Irvington Classroom Door Vandalization


The P-wing, room 84, and Valhalla were a few of the many buildings that were found to have putty in the door locks. Though most of it was cleaned out by the district maintenance team in the morning, a follow-up email noted concerns about residual stickiness.

On Nov. 12, 2021, many of Irvington High School’s outside classrooms were found to have gray putty stuck in the locks, blocking staff from entering; maintenance staff were called from the district to assist with the issue. Affected areas included the new building, the outside portables (2-16), the far portables (9-16), Valhalla, the library, and classrooms along the horseshoe.

Around half a dozen maintenance staff arrived on campus to manage the problem due to its scope and severity. Luckily, their quick action ensured that doors were unstuck in time for class. A few side doors were left untouched, so staff were able to prop them open and access other parts of the buildings. 

According to Principal Nathania Chaney-Aiello, the problem was identified around 6:30 a.m. by a teacher who works in the new building. No inside doors were affected; the perpetrators targeted exterior doors that were easily accessible. The maintenance team worked until around 9:00 a.m. 

“[The putty] was hardened by the time we got here this morning. So they basically took a knife, scraped off the front, and then they just started picking it out,” explained Chaney-Aiello. “Then they sprayed in a couple of different types of chemicals to try and dissolve the rest.”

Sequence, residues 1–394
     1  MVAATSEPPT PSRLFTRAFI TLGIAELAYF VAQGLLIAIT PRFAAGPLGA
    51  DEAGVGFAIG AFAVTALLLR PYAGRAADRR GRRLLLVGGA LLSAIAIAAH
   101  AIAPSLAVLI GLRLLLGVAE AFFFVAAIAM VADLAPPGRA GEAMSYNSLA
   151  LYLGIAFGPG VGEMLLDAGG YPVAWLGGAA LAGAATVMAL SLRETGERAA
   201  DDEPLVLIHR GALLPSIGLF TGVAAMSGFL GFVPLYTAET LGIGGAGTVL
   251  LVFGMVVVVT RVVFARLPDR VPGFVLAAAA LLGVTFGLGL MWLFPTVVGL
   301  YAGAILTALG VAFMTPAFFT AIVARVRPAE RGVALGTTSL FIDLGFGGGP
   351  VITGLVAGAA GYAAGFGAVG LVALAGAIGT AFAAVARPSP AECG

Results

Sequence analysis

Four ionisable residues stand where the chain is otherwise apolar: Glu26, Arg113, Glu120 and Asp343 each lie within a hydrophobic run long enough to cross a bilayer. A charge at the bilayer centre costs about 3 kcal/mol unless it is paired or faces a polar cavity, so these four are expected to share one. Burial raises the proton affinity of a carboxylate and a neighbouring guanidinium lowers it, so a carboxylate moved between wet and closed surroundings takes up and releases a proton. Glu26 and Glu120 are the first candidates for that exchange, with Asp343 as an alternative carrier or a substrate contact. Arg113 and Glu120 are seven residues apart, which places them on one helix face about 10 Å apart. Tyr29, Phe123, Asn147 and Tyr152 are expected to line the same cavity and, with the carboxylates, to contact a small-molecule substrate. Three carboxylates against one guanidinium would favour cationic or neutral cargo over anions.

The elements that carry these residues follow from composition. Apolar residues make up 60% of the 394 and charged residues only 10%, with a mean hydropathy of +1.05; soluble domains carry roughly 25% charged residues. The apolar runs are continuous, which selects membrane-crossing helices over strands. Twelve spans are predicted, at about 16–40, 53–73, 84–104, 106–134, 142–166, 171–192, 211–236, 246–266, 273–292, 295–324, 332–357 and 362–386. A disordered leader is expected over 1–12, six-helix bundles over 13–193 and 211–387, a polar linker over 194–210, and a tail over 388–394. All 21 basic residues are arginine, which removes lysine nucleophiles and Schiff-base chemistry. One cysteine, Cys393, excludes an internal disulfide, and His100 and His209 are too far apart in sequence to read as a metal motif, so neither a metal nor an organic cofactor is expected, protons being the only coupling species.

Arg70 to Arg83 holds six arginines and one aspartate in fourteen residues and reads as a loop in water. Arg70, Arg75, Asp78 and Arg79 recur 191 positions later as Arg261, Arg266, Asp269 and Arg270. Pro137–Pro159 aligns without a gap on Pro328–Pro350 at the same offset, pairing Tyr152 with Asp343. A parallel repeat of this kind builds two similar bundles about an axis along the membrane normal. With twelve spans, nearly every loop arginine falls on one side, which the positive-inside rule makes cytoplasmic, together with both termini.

“Anytime [vandalism] happens, […] we just make a call to the district office and tell them the problem,” said Ross McCalley, one of Irvington’s campus supervisors. “They send people out depending on how bad the problem was.”

While some teachers experienced this issue directly when entering campus, others, such as the school librarian Ms. McAuley, found out through email. A notification was sent out to alert Irvington staff about the door vandalization and assure them that maintenance was working on it. 

“They got people [from the district] to come down here really fast,” said McAuley. “We have a lot of kids in [the library] in the morning, and it would have been really unfortunate if we had to turn them away.” Fortunately, a side door provided an entrance to the library that allowed for the other doors to be opened.

Chaney-Aiello noted that some wondered if the vandalism was a senior prank, though she thought that was unlikely. McAuley pointed to student mental health as a potential reason; the pandemic and subsequent return to in-person schooling have taken a toll on everyone. The full rationale is still unclear, and no suspects have been confirmed.